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The Limits of Loyalty

The Limits of Loyalty: Imperial Symbolism, Popular Allegiances, and State Patriotism in the Late Habsburg Monarchy

Laurence Cole
Daniel L. Unowsky
Copyright Date: 2009
Edition: 1
Published by: Berghahn Books
Pages: 258
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  • Book Info
    The Limits of Loyalty
    Book Description:

    The overwhelming majority of historical work on the late Habsburg Monarchy has focused primarily on national movements and ethnic conflicts, with the result that too little attention has been devoted to the state and ruling dynasty. This volume is the first of its kind to concentrate on attempts by the imperial government to generate a dynastic-oriented state patriotism in the multinational Habsburg Monarchy. It examines those forces in state and society which tended toward the promotion of state unity and loyalty towards the ruling house. These essays, all original contributions and written by an international group of historians, provide a critical examination of the phenomenon of "dynastic patriotism" and offer a richly nuanced treatment of the multinational empire in its final phase.

    eISBN: 978-0-85745-224-5
    Subjects: History, Sociology

Table of Contents

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  1. Front Matter
    (pp. i-iv)
  2. Table of Contents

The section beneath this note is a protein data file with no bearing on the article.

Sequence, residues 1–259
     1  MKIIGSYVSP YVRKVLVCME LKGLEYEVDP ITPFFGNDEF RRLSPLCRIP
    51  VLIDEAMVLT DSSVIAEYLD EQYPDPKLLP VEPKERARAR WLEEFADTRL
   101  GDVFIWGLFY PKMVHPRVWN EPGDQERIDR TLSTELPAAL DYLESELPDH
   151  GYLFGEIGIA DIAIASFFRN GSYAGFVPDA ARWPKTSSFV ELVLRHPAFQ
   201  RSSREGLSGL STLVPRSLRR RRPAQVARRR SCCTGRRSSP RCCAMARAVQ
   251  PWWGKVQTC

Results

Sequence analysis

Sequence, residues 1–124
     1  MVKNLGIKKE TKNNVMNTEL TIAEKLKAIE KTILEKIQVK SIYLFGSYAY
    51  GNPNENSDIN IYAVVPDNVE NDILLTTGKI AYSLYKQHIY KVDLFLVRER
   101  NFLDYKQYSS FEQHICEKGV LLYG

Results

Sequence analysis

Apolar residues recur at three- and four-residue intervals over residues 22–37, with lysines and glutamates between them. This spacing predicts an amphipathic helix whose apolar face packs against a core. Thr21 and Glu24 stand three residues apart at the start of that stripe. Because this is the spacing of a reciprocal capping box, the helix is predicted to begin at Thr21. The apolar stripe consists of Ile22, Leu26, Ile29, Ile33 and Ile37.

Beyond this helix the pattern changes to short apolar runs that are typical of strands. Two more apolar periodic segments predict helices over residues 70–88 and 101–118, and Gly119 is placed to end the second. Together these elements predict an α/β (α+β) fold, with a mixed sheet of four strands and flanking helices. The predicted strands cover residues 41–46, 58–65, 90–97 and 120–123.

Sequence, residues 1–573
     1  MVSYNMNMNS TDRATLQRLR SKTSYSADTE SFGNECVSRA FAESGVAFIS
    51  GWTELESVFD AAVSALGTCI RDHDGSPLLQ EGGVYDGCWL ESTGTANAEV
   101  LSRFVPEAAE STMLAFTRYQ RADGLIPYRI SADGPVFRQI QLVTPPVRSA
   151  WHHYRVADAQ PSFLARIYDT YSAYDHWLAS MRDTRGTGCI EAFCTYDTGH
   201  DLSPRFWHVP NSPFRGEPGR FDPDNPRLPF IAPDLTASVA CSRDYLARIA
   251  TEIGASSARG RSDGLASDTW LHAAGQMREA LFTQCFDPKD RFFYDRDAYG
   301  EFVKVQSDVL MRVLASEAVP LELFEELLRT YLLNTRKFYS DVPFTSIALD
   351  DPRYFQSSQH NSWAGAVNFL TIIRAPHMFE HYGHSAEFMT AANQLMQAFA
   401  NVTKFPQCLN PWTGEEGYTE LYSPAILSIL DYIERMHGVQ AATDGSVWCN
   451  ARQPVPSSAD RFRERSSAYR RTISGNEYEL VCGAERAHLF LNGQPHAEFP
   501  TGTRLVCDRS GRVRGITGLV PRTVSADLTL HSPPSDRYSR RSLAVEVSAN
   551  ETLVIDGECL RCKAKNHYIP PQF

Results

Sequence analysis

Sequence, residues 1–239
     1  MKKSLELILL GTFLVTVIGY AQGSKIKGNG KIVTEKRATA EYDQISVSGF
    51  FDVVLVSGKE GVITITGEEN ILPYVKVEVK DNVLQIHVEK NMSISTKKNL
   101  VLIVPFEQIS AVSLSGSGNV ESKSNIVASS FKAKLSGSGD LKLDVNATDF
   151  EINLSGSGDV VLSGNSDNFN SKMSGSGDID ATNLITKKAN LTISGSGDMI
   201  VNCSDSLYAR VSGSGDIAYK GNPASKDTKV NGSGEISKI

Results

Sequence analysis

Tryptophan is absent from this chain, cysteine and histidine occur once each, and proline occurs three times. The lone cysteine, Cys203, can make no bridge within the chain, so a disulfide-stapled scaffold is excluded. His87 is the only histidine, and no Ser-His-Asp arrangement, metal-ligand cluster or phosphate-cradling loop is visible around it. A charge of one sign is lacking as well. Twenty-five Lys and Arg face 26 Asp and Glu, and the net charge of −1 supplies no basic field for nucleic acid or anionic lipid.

(pp. v-vi)
  3. Contributors
    (pp. vii-viii)
  4. List of Illustrations
    (pp. ix-ix)
  5. [Map]
    (pp. x-x)
  6. Introduction Imperial Loyalty and Popular Allegiances in the Late Habsburg Monarchy
    (pp. 1-10)
    Laurence Cole and Daniel L. Unowsky

    Historians and other social scientists have always been concerned with issues of nationalism and national identity, but scholarly interest has expanded rapidly since the publication of a number of influential general works in the 1980s.¹ The research wave intensified during the 1990s in the aftermath of the collapse of the Soviet Empire, as war and ethnic conflicts tragically unfolded in the former USSR and Yugoslavia (while the Czechoslovak state was also dissolved, although in peaceful fashion). At the same time, the passing of the Warsaw pact witnessed a renewed surge of interest—both on the part of the general public...

  7. Chapter 1 Patriotic and National Myths: National Consciousness and Elementary School Education in Imperial Austria
    (pp. 11-35)
    Ernst Bruckmüller